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Gwendolen Mason (harp)
Joan Taylor (soprano)
Frederick Stone (piano)


Harp: Gwendolen Mason
Soprano: Joan Taylor
Piano: Frederick Stone


5-Forest Ecology by J. D. Ovington, Ph.D. of the Merlewood Research Station
Forest ecologists faced with reconciling the demand for more timber with the conservation of natural resources must consider the complex relationships between woodland plants and animals and environmental factors. Woodlands serve not only as producers of timber but also play a fundamental part in the whole human environment by providing water, shelter, and protection for wild life.
(The recorded broadcast of May 4)
Next talk: Saturday at 9.20


Unknown: J. D. Ovington, Ph.D.


Edith Vogel (piano)
BBC Scottish Orchestra (Leader. J. Mouland Begbie ) Conducted by Colin Davis lain Hamilton's Symphony No. I was written during the winter of 1948-9 when he was still a student; it is dedicated to Sir Ralph Richardson. There are three movements : Lento — Allegro moderato, Lento notturno, and Allegro vivace--Gravc.


Piano: Edith Vogel
Leader: J. Mouland Begbie
Conducted By: Colin Davis
Unknown: Sir Ralph Richardson.


by E. F. Schumacher
Mr. Schumacher believes that the troubles of the Western world are largely the result of our inability to appreciate the limitations of liberal rationalism. As an example of this inability he cites Charles Frankel 's recent book The Case for Modern Man.


Unknown: E. F. SchumacHer
Unknown: Charles Frankel


Sonata No. 1, in E minor, Op. 38 played by Pierre Fournier (cello)
Wilhelm Backhaus (piano) on a gramophone record followed by an interlude at 8.45


Cello: Pierre Fournier
Piano: Wilhelm Backhaus


A chronicle of the development of English drama from its beginnings to the 1580s
Arranged for broadcasting and introduced by John Barton
Edited and produced by Raymond Raikes
Full details of the thirteen programmes in the series are contained in The First Slate, a handbook by John Barton which may be obtained through newsagents and booksellers or post free by crossed postal order for 2s. 6d. from [address removed]
7 — Moral Interludes: Secular Entertainment
' Fulgens and Lucrece ' by Henry Medwall (c. 1497)
Extract from ' Mundus et Infans
(before 1522)
Extract from ' Hickscorner '
(before 1512)
(Continued in next column)
The first part of ' Magnyfycence ' by John Skelton (c. 1516)
Music composed by John Hotchkis with the Goldsbrough Orchestra conducted by the composer
(The recorded broadcast of April 16) Interludes — The More Group: May 12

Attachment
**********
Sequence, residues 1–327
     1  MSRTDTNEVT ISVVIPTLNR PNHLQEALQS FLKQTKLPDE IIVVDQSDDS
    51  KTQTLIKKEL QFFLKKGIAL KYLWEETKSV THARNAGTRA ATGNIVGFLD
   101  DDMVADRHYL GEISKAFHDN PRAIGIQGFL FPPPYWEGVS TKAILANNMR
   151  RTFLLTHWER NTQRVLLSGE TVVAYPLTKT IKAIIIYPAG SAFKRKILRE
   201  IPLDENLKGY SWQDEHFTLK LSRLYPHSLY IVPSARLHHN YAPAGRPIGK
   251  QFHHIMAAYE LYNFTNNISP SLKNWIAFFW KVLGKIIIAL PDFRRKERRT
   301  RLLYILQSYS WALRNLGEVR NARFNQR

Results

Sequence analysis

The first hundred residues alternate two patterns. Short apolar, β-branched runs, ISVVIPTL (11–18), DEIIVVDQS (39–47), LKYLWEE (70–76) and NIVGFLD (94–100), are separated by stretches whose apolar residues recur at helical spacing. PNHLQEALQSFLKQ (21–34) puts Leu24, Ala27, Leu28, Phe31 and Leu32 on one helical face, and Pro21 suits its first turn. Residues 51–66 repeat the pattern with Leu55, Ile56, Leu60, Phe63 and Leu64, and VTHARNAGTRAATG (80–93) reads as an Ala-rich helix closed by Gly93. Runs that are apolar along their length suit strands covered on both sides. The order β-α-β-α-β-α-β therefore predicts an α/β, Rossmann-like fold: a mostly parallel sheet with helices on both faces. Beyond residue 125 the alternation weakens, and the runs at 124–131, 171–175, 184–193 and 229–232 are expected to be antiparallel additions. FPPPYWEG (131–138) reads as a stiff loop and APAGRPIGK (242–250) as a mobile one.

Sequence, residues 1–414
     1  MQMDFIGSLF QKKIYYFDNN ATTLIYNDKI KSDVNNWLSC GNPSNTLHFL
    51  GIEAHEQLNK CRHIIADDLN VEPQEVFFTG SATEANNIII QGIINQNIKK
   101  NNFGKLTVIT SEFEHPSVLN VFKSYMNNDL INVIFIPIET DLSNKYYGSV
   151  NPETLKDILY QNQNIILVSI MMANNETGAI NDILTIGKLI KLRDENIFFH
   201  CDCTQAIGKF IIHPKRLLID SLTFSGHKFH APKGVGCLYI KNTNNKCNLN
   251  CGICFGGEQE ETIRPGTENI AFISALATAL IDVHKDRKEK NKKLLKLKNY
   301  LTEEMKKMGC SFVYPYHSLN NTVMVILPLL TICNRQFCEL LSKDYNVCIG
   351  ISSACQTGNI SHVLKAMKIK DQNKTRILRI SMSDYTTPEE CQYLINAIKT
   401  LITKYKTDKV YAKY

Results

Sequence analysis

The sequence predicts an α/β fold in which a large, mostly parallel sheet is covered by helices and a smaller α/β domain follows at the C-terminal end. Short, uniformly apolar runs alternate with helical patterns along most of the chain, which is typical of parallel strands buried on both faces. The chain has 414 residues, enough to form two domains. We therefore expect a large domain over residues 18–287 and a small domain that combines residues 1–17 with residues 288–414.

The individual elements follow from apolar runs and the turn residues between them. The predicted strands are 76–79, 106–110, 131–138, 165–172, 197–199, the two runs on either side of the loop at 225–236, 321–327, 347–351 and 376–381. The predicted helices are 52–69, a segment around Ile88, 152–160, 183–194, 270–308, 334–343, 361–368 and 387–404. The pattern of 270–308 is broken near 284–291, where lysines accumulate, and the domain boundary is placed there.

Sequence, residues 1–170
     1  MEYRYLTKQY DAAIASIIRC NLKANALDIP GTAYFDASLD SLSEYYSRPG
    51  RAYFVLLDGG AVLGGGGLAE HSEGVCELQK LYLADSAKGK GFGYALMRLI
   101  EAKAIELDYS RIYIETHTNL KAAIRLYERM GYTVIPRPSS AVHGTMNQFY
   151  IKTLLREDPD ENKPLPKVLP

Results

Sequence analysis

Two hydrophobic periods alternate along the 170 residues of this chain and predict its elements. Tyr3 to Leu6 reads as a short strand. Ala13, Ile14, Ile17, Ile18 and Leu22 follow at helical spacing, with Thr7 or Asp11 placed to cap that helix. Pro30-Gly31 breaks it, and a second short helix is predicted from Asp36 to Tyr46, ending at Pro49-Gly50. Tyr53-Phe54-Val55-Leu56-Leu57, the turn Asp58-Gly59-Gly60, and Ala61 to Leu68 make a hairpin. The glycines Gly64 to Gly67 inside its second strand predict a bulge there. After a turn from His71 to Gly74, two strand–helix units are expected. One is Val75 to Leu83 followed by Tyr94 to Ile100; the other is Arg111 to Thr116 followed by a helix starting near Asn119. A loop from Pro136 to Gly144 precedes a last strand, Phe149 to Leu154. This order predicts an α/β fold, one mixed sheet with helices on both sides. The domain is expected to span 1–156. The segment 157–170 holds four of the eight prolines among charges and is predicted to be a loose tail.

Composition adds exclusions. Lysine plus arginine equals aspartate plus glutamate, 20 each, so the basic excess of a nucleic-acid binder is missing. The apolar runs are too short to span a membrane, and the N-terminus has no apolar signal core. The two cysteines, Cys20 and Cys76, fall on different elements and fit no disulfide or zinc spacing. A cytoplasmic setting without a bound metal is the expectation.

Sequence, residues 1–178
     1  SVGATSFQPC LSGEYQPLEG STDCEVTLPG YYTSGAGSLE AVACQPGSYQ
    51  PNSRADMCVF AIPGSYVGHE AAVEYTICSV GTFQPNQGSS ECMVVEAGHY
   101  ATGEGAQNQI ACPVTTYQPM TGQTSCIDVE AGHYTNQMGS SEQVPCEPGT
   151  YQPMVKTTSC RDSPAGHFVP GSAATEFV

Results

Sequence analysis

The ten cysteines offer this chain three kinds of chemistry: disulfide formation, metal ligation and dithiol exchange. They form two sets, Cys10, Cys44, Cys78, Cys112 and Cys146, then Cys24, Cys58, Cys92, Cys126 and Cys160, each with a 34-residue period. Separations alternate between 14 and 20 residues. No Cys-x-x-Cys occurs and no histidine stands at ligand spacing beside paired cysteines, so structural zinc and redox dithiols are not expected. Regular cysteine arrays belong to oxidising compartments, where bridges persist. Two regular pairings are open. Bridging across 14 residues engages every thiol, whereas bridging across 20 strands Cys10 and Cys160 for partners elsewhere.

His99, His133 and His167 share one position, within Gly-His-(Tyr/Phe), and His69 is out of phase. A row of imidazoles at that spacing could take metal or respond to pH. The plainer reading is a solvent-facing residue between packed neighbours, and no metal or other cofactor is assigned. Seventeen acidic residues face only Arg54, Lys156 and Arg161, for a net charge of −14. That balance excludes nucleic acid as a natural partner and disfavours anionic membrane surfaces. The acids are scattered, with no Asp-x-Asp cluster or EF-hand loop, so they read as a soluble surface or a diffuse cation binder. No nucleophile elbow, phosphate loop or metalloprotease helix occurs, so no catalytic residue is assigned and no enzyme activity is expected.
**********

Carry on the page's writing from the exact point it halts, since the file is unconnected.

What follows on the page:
Introduced By: John Barton
Produced By: Raymond Raikes
Unknown: John Barton
Unknown: Henry Medwall
Unknown: John Skelton
Composed By: John Hotchkis
A a youth, afterwards servant to Gaius: Geoffrey Matthews
B a youth, afterwards servant to Publius: Allan McClelland
Fulgens, a Roman senator: Carleton Hobbs
Publius Cornelius, a patrician: Denis Goacher
Lucrece, daughter to Fulgens: Annette Kelly
Joan, handmaid to Lucrece: Denise Bryer
Gains Flaminius, a plebeian: David Peel
Manhood: Norman Shelley
Conscience: Carleton Hobbs
Freewill: Norman Shelley
Perseverance: Carleton Hobbs
Contemplation: Trevor Martin
Imagination: John Graham
Courtiers: Liberty: David Peel
Courtiers:Felicity: John Graham
Measure, the King's chief counsellor: Brewster Mason
Magnyfycence, the King: James McKechnie
Fancy, alias Largess: Geoffrey Matthews
Counterfeit Countenance alias Good Demeanance: Norman Shelley
Cloaked Collusion, alias Sober Sadness: Carleton Hobbs
Jenkin Jolly, alias Lusty Pleasure: Denis Goacher
Folly, a jester, brother to Fancy: Allan McClelland
Adversity: Trevor Martin


String Sextet in F played by the Aeolian String Quartet:
Sydney Humphreys , Trevor Williams
Watson Forbes , Derek Simpson with Stephen Shingles (viola)
John Moore (cello)
The last of six programmes


Unknown: Sydney Humphreys
Unknown: Trevor Williams
Unknown: Watson Forbes
Unknown: Derek Simpson
Viola: Stephen Shingles
Cello: John Moore


remembered by his daughter
Maitland, the great legal historian, died in 1906 when his daughter was a girl. She describes her recollections as a child's-eye view.
(The recorded broadcast of Feb. 21)

About this project

This site contains the BBC listings information which the BBC printed in Radio Times between 1923 and 2009. You can search the site for BBC programmes, people, dates and Radio Times editions.

We hope it helps you find information about that long forgotten BBC programme, research a particular person or browse your own involvement with the BBC.

Through the listings, you will also be able to use the Genome search function to find thousands of radio and TV programmes that are already available to view or listen to on the BBC website.

There are more than 5 million programme listings in Genome. This is a historical record of the planned output and the BBC services of any given time. It should be viewed in this context and with the understanding that it reflects the attitudes and standards of its time - not those of today.

To read scans of the Radio Times magazines from the 1920s, 30s, 40s and 50s, you can navigate by issue.

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Genome is a digitised version of the Radio Times from 1923 to 2009 and is made available for internal research purposes only. You will need to obtain the relevant third party permissions for any use, including use in programmes, online etc.

This internal version of Genome, which includes all the magazine covers, images and articles as well as the programme listings from the Radio Times, is different to the version of BBC Genome that is available externally/to the public. It is only available inside the BBC network.

Your use of this version of Genome is covered by the BBC Acceptable Use of Information Systems Policy and these terms.

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